Music Memo | Roger Johnson
I think if my family were to describe me, one of the things they would say is that I am a “barbershopper.” It’s being a part of a group or culture in that its members have common shared experiences. My daughter was in a vocal jazz ensemble in college. I “suggested” to her some things they could do to bring more life to their performance. I only shared what I have learned from hours of coaching to help bring our barbershop performances to life. Her choral instructor asked her where she got this insight. She replied “My dad is a barbershopper.” To which he replied, “Oh, that explains it.”
Almost all of my experiences in barbershop are emotional. The joy of singing, of ringing chords, sharing the music with folks outside our “barbershop” world, to see the smiles, the “Oh wow! That was awesome!” reactions. To most people, the barbershop sound is a novelty. Something about that ringing barbershop seventh chord, when done well, gets people’s attention in a pleasing way. To barbershoppers, it is a passion. The sum of the sound is greater than the parts producing it.
Barbershoppers come from all walks of life. To my knowledge, I sing with doctors, lawyers, teachers, college professors, retired nuclear engineers, funeral directors, welders, auto body repairmen, salesmen, mechanical engineers, retail store clerks, farmers, truck drivers, retired prison guards, photographers, bus drivers, nurses and accountants. The ages range from 16 to 83 years old. Singing can be a lifetime hobby. It has been for me.
Barbershoppers like to sing. To sing in the barbershop style you have to gather at least three others. Almost weekly, one group I sing with gathers at a local watering hole after rehearsal to sing, have a beer and share food and fellowship. Sometimes there are as few as nine and as many as 20 that attend. The establishment staff know we are coming and save us our usual spot. As a group, we must tip pretty good. I say that because our usual waitress just came back from a vacation in Hawaii! If you remember the TV show “Cheers,” when I walk in the door of this establishment the bartender may not “know my name,” but knows what beer I drink.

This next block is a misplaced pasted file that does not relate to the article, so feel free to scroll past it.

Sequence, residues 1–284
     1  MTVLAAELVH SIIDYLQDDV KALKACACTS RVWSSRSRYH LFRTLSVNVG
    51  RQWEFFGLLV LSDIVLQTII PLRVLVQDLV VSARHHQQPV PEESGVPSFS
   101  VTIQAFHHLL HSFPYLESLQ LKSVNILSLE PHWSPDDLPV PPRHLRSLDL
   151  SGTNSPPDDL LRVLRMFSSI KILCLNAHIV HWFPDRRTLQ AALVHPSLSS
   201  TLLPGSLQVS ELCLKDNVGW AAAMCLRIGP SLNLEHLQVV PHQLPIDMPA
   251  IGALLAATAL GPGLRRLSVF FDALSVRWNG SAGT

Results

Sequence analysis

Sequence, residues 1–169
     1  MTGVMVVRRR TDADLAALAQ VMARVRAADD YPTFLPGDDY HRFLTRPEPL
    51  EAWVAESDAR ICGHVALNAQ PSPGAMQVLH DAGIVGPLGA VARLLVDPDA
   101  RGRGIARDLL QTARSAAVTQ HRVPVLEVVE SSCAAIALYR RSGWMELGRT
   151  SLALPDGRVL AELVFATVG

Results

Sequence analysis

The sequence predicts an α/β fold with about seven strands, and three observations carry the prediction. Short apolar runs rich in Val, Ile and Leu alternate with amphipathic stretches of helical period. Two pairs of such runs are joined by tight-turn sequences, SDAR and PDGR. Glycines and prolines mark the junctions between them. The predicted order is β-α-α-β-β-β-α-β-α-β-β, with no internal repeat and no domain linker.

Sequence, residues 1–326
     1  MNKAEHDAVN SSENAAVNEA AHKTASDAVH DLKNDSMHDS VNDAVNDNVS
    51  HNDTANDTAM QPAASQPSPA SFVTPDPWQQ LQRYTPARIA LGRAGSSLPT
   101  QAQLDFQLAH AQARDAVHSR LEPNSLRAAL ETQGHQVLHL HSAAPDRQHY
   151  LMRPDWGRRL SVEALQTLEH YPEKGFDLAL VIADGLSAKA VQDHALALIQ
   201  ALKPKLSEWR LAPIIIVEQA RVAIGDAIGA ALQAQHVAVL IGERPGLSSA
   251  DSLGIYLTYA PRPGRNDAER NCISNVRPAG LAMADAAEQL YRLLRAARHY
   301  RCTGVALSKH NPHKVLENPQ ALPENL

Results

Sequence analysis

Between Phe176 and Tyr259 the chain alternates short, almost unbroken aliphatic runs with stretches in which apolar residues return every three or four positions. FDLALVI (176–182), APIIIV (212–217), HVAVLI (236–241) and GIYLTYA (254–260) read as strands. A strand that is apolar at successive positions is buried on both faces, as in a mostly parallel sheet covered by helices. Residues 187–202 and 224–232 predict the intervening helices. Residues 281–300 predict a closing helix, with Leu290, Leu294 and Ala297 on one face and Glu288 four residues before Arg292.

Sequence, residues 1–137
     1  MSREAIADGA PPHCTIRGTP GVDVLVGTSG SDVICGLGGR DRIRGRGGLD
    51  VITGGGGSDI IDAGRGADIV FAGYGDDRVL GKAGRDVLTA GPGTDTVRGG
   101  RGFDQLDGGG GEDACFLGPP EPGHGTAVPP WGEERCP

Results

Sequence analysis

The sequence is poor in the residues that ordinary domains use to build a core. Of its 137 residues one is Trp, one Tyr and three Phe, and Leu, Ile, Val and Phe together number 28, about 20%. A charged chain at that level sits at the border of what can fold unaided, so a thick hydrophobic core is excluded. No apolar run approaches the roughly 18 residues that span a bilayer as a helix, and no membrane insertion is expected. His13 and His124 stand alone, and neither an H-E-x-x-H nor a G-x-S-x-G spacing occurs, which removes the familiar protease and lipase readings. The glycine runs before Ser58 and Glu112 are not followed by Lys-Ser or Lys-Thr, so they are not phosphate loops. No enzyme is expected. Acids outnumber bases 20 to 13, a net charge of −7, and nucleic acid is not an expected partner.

One evening, there was a party of about 12 eating near our area. It was a family from all over the States that attended a visitation for an elderly aunt that evening. The funeral service was the next day. We learned the departed’s last name was “Sullivan.” We sang “Wild Irish Rose” and “Irish Blessing” plus some others for them. They stayed to listen to us sing some more and we even had a couple of the men singing with us. It was fun and I think they forgot any troubles they had just for that short hour of song and fellowship we shared with each other. We said our goodbyes and wished each other well. A short time later, our waitress announced that up to that point, our tabs have been covered by that family. There were 18 of us!
Music is the most powerful gift God has given us. What the written or spoken word cannot convey, music can. The most awesome people I know and am friends with are the ones I have met through my involvement in singing barbershop harmony. If you have read this far, I strongly encourage you to find a group to sing with. The rewards are simple and tremendous.
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